(When things get dull in this forum somewhere down the road, please consider starting a thread regarding the morality of anti-trust laws.)

Yours truly,
Dave Morefield

Gillman
03-27-2006, 15:04
Clearly this suggests that the majority for a long time supported Prohibition but the majority supports lots of things and that does not make it right necessarily, of course. For many years in Canada, even before the era of rights charters, polls suggested capital punishment should be reinstated. It never was. Today we have, quite properly, theories of minority rights and certain inalienable rights to coin a phrase. Prohibition arguably infringed on the rights of the minority who wanted access to beverage alcohol. So when people say, that is democracy, yes it is (majority rule), but only up to a point should it have free reign.

The case of anti-trust, which I have just read the practical history of in Ron Chernow's magistral biography of John D. Rockefeller, Sr., is a good example of laws sought by a majority which - in part - are political in nature although I would not go so far as to say minority rights are at issue here. Some anti-trust can be defended (eg the rules against most trade conspiracies) on grounds of classical economics: trusts and combines tend to create or reinforce inefficient markets by creating deadweight losses.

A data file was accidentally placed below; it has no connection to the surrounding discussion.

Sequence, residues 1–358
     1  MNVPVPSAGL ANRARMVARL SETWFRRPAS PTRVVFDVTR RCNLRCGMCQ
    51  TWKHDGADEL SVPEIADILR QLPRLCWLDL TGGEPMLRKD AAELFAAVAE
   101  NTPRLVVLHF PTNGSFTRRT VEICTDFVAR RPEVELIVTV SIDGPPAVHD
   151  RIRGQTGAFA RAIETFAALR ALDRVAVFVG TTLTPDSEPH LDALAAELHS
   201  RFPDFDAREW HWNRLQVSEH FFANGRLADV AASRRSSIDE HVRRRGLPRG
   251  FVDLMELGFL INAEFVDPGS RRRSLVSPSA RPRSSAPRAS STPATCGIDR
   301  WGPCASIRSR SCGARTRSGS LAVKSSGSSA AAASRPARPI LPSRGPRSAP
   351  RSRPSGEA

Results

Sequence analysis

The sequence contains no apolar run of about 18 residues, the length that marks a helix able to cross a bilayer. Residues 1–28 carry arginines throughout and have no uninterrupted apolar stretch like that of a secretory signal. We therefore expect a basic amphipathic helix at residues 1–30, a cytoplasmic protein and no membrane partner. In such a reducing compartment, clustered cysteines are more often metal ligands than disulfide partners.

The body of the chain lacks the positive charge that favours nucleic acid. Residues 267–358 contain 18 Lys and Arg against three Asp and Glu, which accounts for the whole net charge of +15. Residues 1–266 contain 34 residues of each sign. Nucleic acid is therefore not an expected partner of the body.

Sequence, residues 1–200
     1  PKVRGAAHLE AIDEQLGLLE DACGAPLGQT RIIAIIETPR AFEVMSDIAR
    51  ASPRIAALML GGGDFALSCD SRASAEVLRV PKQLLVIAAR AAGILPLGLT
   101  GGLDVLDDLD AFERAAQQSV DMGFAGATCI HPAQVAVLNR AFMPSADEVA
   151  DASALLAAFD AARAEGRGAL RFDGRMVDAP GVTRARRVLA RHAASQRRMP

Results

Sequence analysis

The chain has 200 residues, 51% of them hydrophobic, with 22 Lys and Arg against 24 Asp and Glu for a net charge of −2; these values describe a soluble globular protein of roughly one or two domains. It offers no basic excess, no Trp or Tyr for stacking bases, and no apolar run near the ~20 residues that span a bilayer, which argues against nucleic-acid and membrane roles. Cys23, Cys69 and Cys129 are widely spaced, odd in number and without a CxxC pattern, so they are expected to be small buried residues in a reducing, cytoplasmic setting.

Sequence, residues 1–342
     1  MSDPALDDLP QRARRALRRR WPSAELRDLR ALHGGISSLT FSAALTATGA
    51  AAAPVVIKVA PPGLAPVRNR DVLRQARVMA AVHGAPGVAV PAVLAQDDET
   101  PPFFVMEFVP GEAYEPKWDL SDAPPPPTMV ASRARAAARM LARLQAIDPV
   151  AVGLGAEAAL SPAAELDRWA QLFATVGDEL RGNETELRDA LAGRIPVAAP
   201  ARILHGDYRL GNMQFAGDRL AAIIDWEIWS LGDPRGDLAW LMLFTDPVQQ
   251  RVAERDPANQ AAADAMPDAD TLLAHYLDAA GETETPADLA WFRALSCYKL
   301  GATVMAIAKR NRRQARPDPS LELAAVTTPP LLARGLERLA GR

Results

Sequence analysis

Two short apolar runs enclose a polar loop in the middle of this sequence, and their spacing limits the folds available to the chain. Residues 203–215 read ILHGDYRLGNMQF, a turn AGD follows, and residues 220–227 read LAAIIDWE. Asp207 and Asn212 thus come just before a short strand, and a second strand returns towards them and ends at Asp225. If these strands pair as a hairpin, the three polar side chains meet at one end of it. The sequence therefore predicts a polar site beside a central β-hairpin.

But some trade practices, notably the so-called vertical restraints (e.g exclusive dealing, tied selling) are actually pro-competitive in this sense.

Each country decides for itself how to balance pure economics and basic business or social fairness. So eg in Canada we have rules that prevent price discrimination amongst buyers who compete in the same markets (subject to volume purchase discounts). Some people believe these rules really protect the small guy, not the process of competition itself. But that can be a valid political choice. In Europe the rights of the PME sector (small and medium-size enterprise) are actively promoted by its competition policy, at least that of the EU. I see nothing wrong with that within reason.